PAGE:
Given the prevailing winds, online marketers and retailers are taking steps to show their respect for the privacy of web shoppers, and to curb abuses that might prompt crippling laws or regulation.
Whether such voluntary measures will forestall further government action is hard to say, according to observers, and the outcome of the November elections will certainly affect the landscape. For now, marketers are advised to be prudent.
“It’s in everyone’s interests to be straightforward about what’s going on,” says Nicolle Pangis, senior vice president of product management for 24/7 Real Media, a web advertising firm. “If a retailer has a trusted name and reputable business, it doesn’t make sense to ruin that reputation by stalking a user as she navigates around the web.”
As the debate unfolds, online marketers, who in the past often downplayed the privacy threat of behavioral targeting, are getting more of an opportunity to hear the concerns of privacy advocates.
The marketers have long argued there was no threat to an individual’s privacy because the web-tracking systems do not typically collect data that identifies anyone by name. The beauty of the system, they argue, is that it provides valuable data for advertisers even though they don’t know the consumer behind the tracking cookie or beacon. (Beacons are small tracking GIF files that can gather more information than cookies and can help detail more precisely a consumer’s on-site behavior, such as which online ads attracted a visitor’s attention and which shoppers then visited the advertiser’s site.)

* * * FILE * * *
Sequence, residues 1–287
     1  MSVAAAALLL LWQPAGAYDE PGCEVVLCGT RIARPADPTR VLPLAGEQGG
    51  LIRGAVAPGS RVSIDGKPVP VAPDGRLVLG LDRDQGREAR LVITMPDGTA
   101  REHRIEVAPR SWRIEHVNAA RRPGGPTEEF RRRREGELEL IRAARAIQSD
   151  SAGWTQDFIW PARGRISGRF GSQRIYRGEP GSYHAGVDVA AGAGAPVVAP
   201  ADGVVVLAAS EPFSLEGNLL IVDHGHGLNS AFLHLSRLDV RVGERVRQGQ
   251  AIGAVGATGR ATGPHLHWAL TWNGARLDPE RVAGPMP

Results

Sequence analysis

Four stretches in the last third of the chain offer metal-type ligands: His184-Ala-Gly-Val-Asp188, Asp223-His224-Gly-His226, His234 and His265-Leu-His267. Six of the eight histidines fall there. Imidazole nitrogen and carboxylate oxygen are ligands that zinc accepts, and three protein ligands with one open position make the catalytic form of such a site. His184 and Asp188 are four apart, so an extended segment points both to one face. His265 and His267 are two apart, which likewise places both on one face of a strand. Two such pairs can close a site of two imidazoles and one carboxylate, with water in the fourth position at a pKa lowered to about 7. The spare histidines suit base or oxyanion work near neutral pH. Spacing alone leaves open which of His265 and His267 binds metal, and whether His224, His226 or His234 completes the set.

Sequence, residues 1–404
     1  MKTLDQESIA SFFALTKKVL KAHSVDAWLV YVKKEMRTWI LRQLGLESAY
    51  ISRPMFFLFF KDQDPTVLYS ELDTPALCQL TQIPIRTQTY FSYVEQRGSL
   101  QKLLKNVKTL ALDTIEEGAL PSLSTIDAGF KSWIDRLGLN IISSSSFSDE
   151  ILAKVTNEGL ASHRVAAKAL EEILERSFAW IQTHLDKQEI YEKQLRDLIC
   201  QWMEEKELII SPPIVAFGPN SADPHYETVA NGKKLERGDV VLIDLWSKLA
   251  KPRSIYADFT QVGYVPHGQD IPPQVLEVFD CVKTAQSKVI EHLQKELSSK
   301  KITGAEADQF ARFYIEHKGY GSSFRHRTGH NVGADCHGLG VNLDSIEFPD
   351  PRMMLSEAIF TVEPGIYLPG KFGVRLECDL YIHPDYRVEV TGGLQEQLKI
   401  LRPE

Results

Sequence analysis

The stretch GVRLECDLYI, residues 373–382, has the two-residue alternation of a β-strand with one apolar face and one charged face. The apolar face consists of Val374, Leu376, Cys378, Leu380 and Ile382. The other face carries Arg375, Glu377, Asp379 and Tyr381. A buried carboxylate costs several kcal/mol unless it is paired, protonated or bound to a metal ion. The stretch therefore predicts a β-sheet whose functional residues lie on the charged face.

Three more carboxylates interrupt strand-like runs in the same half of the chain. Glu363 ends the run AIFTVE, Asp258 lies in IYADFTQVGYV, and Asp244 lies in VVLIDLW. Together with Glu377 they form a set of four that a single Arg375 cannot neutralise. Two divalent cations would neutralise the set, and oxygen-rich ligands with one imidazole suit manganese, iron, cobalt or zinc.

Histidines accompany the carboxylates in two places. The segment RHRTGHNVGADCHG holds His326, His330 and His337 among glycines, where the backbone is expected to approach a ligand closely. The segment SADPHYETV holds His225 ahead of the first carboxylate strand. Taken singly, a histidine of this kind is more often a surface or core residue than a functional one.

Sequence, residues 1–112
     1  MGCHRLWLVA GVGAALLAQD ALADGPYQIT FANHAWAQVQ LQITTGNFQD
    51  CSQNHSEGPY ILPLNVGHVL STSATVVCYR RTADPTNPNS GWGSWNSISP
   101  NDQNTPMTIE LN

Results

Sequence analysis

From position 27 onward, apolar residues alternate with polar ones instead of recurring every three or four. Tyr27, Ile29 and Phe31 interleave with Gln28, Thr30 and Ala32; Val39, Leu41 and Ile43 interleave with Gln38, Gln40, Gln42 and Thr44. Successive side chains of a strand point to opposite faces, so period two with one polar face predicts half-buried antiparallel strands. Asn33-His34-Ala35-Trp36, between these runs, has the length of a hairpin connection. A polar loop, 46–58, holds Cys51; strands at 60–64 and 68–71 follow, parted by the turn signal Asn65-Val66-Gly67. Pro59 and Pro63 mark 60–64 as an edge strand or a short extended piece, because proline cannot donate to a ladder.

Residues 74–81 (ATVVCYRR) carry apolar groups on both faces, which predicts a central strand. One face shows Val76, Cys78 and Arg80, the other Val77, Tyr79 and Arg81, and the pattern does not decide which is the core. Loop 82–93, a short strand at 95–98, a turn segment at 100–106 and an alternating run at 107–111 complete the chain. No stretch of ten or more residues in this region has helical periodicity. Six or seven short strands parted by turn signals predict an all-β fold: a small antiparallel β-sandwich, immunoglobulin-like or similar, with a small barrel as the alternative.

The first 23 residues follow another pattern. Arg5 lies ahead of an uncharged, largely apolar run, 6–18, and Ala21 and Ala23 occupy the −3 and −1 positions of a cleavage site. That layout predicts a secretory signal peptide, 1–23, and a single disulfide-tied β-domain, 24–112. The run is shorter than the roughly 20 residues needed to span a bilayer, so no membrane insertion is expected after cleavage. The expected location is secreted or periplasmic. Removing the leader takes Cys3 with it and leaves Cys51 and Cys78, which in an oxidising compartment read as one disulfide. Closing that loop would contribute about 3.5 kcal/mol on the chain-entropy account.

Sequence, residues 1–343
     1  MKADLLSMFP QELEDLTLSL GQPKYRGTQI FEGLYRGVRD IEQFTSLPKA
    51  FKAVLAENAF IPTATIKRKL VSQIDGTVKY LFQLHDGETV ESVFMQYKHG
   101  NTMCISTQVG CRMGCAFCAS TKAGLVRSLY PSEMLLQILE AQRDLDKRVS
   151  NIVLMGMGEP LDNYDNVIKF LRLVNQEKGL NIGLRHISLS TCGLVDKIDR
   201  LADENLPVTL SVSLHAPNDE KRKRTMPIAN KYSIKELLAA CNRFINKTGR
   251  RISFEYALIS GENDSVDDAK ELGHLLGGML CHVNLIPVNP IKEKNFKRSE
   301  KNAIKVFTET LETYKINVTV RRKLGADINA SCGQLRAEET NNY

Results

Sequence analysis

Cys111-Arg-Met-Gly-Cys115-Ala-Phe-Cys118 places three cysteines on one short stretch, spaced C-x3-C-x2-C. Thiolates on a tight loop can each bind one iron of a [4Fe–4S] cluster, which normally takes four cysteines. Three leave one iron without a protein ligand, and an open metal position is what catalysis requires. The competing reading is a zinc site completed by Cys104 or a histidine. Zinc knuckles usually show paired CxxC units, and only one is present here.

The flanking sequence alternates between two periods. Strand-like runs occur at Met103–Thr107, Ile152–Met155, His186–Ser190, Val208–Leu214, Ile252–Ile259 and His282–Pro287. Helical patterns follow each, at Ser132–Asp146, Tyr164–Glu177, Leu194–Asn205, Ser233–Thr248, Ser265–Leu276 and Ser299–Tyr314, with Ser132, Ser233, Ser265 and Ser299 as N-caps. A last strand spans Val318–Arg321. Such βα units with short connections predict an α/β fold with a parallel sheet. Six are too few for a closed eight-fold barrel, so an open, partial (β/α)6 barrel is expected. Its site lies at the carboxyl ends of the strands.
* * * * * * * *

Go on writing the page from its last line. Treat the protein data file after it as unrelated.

When a consumer visits one of Hayneedle’s sites, for instance, everything she does on the site can provide the retailer with valuable insights, such as what she’s looking to buy and how much she’s looking to spend. Even once she leaves the site, her actions are telling.
Using a cookie to gather a consumer’s on-site and off-site information, TellApart feeds the information into a formula that gauges the value of a customer for a particular retailer, such as Hayneedle. After determining the kind of online shoppers to target, TellApart bids heavily on ads when those customers show up on particular sites. The network only gets paid for those ads when a consumer clicks and makes a purchase.
Behavioral targeting works because ad networks like TellApart allow a retailer to focus on customers most likely to make a purchase, says Eldifrawi. “Customer acquisition is much more effective when you’re using actual consumer behavior information rather than a proxy, like search, to serve up relevant ads,” he says.
To avoid consumer discomfort the information that companies gather is anonymous in the sense that it isn’t linked to a user’s name, but rather to either the computer’s IP address or a code randomly generated by the ad network, says Pangis of 24/7 Real Media. However, privacy advocates say whether the data is tied to the consumer’s real name, or a pseudonym, such as her IP address, the consumer’s privacy remains at risk.